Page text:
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Introduction

Archery is nearly a lost art. Among civilized peoples it survives only as a game. It is well known, however, that even as late as two centuries ago the how was a vigorous competitor with the flintlock in warfare. Benjamin Franklin at the beginning of the Revolution seriously considered the possibility of arming the American troops with the longbow, as a cheaper and more effective weapon than the flintlock1 musket. That the archery even of the American Indian was, during the early periods of occupation, substantially as effective as the musketry of the period is attested in the historic records of some of the explorers.2 Such aboriginal archery has, of course, undergone a great decadence since the rifle has supplanted the bow. It is now almost, extinct. As a matter of fact, we have very little accurate information as to how the Indians used their weapons, and still less as to how they made them. The present paper is an attempt to present the facts concerning the archery of one tribe, the Yahi or Deer Creek Indians of north-central California, the most southerly division of the Yanan3 stock, as represented in the person of its last survivor, Ishi, who lived from 1911 to 1916 at the University of California. The paper will deal first with the very interesting methods of the Yahi for the manufacture of the implements of archery, and, second, their style of shooting.

It must be remembered that the performances of civilized archers, who practice with the bow as a sport, far surpass those of savages. It is a curiouis fact that archery was brought to perfection only after the bow became obsolete as a serious weapon It is interesting, therefore, to compare the Yahi "style" with that of the more skilful archers who follow the rules of the modern game.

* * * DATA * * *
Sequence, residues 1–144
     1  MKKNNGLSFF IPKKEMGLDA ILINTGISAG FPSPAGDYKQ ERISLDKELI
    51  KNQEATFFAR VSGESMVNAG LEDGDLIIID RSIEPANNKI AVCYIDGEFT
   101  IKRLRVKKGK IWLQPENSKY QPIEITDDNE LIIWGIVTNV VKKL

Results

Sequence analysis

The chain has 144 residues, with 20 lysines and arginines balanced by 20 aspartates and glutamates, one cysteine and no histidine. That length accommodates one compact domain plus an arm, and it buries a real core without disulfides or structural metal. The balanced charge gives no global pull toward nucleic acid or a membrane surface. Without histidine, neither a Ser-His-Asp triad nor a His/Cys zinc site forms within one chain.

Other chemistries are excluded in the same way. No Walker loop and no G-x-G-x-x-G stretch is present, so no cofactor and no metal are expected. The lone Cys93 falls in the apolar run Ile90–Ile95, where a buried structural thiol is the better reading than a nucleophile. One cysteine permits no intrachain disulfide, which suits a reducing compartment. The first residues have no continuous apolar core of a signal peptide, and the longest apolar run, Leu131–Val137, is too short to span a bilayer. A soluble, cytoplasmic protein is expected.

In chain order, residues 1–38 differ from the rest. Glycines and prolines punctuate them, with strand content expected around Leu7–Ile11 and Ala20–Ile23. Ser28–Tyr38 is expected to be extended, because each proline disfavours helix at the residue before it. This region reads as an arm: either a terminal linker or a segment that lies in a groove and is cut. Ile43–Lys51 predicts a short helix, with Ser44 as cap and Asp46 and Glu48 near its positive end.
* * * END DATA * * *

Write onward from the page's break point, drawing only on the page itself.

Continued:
Ishi, the native informant for the present paper, comes of a tribe famous for its fighting qualities. The group lived to a considerable extent on wild game and the bow was their glory and their delight. We have no reason to believe that their skill or the strength of their weapons was inferior to that of the average American savage. Concerning the informant himself, the following might be said:
Ishi loved his bow as he loved nothing else in his possession.

He knew what a gun was, but he had never shot one until after 1911 when he entered civilization. The bow he had used ever since boyhood. When captured he had no weapons, though a bow and many arrows were taken from his lodge by those who first discovered the camp where the remnant of his people were living. Some of these arrows we later recovered, some through the generosity of the finders and some by purchase, but his original bow is missing.

What the writer knows of Ishi's archery is based upon three years' association with him. In this period many hours were spent in making bows and arrows, in talking about shooting, in target practice, and in hunting trips in the fields and woods. During the years 1913 and 1914 there was opportunity for two extended trips in the mountains in his company. Dr. J. V. Cooke and the present writer took up the practice of archery in 1912 under Ishi's guidance, at first according to the Indian's own methods, though later we followed the English style. At first Ishi was our master in marksmanship, but at the end of a few months we were able to outdo him at target work, and to equal his performances in shooting game. This does not in any way imply greater skill on our part, but does point clearly to the actual superiority of the "civilized" methods.

In speaking of the techniques of manufacture used by Ishi, it must be remembered that he soon adopted civilized tools in this work. The jackknife and file supplanted the obsidian blade and the scraper of sandstone. He only returned to his primitive ways when requested to show the processes he formerly performed.

He was a most painstaking and finished workman. His dexterity and ingenuity were delightful to watch. No better specimens of arrowheads, shafts, and bows are contained in the Museum of the University than those made by him. Probably better ones were never made anywhere. His eye for form and symmetry was perfect.